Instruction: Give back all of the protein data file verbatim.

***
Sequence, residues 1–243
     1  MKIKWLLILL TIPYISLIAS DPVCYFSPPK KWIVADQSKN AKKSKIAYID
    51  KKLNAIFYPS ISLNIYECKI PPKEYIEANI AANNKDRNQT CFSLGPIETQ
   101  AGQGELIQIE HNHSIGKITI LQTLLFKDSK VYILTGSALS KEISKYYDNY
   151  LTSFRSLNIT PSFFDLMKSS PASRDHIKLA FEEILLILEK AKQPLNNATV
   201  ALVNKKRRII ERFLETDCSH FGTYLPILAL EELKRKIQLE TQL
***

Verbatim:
Sequence, residues 1–243
     1  MKIKWLLILL TIPYISLIAS DPVCYFSPPK KWIVADQSKN AKKSKIAYID
    51  KKLNAIFYPS ISLNIYECKI PPKEYIEANI AANNKDRNQT CFSLGPIETQ
   101  AGQGELIQIE HNHSIGKITI LQTLLFKDSK VYILTGSALS KEISKYYDNY
   151  LTSFRSLNIT PSFFDLMKSS PASRDHIKLA FEEILLILEK AKQPLNNATV
   201  ALVNKKRRII ERFLETDCSH FGTYLPILAL EELKRKIQLE TQL